As I discussed sportsmanship with our classes one thing came up that I found very interesting. Sportsmanship is very much like empathy. When we look at what we do through the eyes of others, when we put ourselves in their shoes we know immediately if what we are doing demonstrates sportsmanship.
I know that when I think about who I like to compete with it is those that don’t complain if they lose or gloat when they win. They don’t yell at me if I make a mistake, and they don’t make fun of me. They won’t push me and always try to make things fair. Now if they are the things that make me feel good about playing with someone, then I want to be sure to do the same for them. (that is empathy)
This is a great time to teach our children about empathy using sports or games. They can see and feel it and that experience will have the greatest impact on them.
Being trustworthy is one of those qualities that we expect and want in our children. As a parent we want our children to do what is right, to tell the truth and to be fair by not cheating or stealing. Due to the busy schedule everyone has today though, we sometimes overlook the idea of deliberately teaching the virtues that we would like to see in our child.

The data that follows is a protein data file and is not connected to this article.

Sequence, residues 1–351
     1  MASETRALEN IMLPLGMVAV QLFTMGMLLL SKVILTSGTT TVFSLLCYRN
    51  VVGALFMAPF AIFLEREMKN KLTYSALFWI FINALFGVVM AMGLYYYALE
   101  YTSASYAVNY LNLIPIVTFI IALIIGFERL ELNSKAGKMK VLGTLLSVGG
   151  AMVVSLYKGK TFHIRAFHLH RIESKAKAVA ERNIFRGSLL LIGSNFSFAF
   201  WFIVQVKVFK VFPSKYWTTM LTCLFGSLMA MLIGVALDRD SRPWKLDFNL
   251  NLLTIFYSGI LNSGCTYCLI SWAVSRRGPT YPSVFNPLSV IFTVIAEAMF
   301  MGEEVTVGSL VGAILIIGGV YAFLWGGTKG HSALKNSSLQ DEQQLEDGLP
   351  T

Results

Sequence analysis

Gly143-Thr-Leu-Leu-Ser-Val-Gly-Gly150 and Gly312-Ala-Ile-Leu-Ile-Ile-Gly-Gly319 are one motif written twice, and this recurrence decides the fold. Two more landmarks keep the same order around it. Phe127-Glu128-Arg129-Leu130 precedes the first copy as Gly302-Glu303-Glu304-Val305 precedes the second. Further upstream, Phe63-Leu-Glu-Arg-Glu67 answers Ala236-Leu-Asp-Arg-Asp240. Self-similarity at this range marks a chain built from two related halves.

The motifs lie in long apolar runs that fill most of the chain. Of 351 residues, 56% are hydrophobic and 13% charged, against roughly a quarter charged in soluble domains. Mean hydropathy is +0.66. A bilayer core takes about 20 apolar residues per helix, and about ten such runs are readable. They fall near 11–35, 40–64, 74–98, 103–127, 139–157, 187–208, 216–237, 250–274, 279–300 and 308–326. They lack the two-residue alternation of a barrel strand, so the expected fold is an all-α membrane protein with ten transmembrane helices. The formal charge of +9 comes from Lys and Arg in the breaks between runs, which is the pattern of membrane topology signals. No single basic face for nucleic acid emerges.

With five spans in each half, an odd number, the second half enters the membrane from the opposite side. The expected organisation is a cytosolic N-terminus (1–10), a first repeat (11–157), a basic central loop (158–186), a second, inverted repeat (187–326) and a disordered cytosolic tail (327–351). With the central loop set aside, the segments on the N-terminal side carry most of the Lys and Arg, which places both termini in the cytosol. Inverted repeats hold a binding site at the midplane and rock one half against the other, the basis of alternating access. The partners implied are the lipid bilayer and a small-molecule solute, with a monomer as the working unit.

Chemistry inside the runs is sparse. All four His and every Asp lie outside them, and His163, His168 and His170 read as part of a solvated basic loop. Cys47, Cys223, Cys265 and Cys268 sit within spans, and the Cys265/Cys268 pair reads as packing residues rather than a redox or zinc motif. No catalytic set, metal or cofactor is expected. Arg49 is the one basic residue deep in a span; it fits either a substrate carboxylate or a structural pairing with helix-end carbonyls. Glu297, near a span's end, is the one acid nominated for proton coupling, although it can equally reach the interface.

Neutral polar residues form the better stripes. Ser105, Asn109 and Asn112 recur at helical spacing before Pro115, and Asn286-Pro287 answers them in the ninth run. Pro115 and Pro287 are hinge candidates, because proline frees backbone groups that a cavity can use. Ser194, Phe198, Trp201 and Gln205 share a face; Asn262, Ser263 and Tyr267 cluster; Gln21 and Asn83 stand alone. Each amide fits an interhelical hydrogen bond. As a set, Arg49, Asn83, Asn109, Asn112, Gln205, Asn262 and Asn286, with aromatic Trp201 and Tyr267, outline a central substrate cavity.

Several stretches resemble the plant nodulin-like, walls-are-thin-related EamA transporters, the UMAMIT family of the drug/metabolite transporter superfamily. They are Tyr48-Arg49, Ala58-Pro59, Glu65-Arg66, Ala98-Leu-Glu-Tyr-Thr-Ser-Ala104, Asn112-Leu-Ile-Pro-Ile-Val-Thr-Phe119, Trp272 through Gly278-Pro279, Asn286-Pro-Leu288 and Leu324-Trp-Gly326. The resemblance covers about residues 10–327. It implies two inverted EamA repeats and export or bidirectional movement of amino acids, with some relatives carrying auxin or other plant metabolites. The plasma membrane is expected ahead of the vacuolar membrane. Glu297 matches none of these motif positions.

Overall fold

If we wait to discuss with our children the character trait that leads to not cheating or stealing until there is an incident, we will find that the emotions are too high to make any inroads on that subject. It is the reason that we at Balanced Life Skills are committed to discussing these with our students when there are no obvious reason to do so.
Cheating and stealing is what we will be discussing this week and the affect it has on our ability to be trusted by others. As many times in the past, we will be emphasizing that the consequence of cheating or stealing is the loss of trust and we practice trustworthiness because it is the right thing to do.
This would be a great time for parents to tie into our discussions at home by asking your child what they would do if they saw one of their friends cheating in a game, or copying off of someone’s paper. Or what would they do if they saw someone taking something that did not belong to them? These type of short conversations where we listen deeply and express our family’s belief on this subject will have a great impact on their conduct later in their life.
Sunday morning turned out to be a beautiful day for the Jr. Diabetes walk. So many of our students turned out many of them I did not see till we were walking or they were headed home. This was great to show our support for Chris and everyone else that deals with this everyday. Now we need to defend ourselves from Type 2 and BLS will be continuing to talk about how to protect ourselves, not only to our students, but to the community as well.
I am sorry that I did not get more photos of those that attended. I had a great time walking with our students and their families. Thank you again!
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A big thank you for everyone who came out and supported our SPCA day here at Balanced Life Skills! We raised so much food and other animal supplies and had a great time. After the event, Anne told us that you guys were the most behaved group of students she has had. Great job, no push ups!